For Mr. Rahe, antiquity isn’t merely academic. Embedded within it are maps that can help us sidestep present-day minefields and steer us toward common sense and smart strategy. These are qualities he finds in short supply on America’s “isolationist right,” in whose ranks he includes Donald Trump, Ron DeSantis and Vivek Ramaswamy. (He admits of Mr. Trump that “I held my nose and voted for him in 2020.”)

Mr. Rahe believes that the Athenian and Russian invasions, 2,436 years apart, were both acts of “madness” and “greedy overreach” as well as expressions of “an erotic desire for grandeur.” The aggressors not only scorned the resolve of their targets—the Syracusans of Sicily and the Ukrainians, respectively—but also overestimated their own “capacities and chances of success.” For the Athenian leaders, the allure of Sicily was so great that they ignored “logistical difficulties of waging war on an island 800 nautical miles away.” Mr. Putin “didn’t ever ask himself what could go wrong.”

No High Growth Indian Demographic Dividend Without Investment In Human Capital

Radhicka Kapoor

India has recently become the world’s most populous country, with 68 per cent of its population working age individuals between the ages of 15 and 64. This demographic structure — often referred to as a demographic dividend — has the potential to generate very high economic growth if India can create productive employment opportunities for its large working age population.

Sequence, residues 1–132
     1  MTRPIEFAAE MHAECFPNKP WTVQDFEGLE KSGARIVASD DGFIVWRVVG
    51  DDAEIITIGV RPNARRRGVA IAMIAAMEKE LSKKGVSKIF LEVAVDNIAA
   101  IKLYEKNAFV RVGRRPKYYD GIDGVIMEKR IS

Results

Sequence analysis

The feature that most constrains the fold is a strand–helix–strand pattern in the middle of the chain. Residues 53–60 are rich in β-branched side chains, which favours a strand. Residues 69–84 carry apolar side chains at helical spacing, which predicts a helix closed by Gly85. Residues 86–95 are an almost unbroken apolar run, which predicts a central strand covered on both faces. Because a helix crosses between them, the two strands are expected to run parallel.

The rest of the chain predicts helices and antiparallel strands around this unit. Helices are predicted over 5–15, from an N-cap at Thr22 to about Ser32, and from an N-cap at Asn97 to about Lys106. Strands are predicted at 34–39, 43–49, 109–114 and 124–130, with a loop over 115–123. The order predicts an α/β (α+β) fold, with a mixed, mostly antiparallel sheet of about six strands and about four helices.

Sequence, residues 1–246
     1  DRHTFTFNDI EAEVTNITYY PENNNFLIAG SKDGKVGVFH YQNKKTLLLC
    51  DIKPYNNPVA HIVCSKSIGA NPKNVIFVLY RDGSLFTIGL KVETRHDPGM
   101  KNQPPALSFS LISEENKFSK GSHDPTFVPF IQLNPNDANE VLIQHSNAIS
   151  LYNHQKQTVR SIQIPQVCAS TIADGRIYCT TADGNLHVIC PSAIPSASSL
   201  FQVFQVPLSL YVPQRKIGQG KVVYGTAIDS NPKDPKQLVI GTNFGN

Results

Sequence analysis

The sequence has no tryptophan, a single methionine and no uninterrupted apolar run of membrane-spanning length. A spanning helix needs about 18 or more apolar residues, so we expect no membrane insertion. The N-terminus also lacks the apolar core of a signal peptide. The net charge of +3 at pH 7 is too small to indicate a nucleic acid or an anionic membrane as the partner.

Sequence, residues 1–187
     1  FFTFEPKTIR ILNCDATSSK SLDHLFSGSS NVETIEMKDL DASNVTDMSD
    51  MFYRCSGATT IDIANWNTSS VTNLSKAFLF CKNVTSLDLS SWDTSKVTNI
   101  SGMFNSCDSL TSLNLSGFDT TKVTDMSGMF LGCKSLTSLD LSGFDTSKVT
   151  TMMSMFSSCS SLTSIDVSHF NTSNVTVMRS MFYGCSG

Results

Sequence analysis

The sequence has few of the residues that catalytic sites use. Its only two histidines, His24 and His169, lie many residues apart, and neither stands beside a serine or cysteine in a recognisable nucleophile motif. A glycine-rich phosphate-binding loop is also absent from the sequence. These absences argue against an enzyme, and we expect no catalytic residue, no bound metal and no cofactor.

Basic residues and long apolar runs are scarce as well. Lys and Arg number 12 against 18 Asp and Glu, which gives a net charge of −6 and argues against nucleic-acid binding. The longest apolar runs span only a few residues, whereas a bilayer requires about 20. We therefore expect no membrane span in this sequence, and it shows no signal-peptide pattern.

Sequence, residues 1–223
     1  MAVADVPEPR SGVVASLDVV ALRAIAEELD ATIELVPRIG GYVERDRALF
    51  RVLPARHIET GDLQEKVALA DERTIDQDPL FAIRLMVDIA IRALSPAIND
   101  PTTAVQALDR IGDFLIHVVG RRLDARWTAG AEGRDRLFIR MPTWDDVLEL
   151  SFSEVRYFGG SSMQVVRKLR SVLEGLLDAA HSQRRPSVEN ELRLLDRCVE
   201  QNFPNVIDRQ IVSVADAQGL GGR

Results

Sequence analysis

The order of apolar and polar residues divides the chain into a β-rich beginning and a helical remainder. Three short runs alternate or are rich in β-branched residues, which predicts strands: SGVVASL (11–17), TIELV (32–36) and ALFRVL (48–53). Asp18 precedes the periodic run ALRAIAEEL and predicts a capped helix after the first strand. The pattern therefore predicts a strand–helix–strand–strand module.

But data from labour force surveys indicates that this is a big challenge for the economy at present. Some 45 per cent of the workforce continues to toil on farms in the agricultural sector, while in the non-agricultural sector, 74 per cent of workers are employed in low-paying informal work in microenterprises. Indeed, among young people aged between 15 and 29 years, approximately 28 per cent are engaged as ‘unpaid helpers in household enterprises’. And here too, the agriculture sector remains the principal source of employment, accounting for 36 per cent of employed youth.

India will need a radical reorientation of its growth strategy if it is to address the challenge of productive job creation and harness its demographic dividend, making the growth process more employment-intensive. The Indian experience shows that growth alone cannot be the principal instrument of job creation, as it is the sectoral composition of growth that determines the quantity and nature of employment opportunities created. India’s idiosyncratic structural transformation from agriculture to services — leapfrogging the phase of manufacturing growth — has generated limited opportunities for well-paid employment for those at the lower end of the education and skills ladder.

Bangladesh’s Top Court Upholds Decision Barring Largest Islamist Party From Elections

Julhas Alam

Bangladesh’s highest court on Sunday dismissed an appeal by the country’s largest Islamist party seeking to overturn a 2013 ruling that barred it from participating in elections for violating the constitutional provision of secularism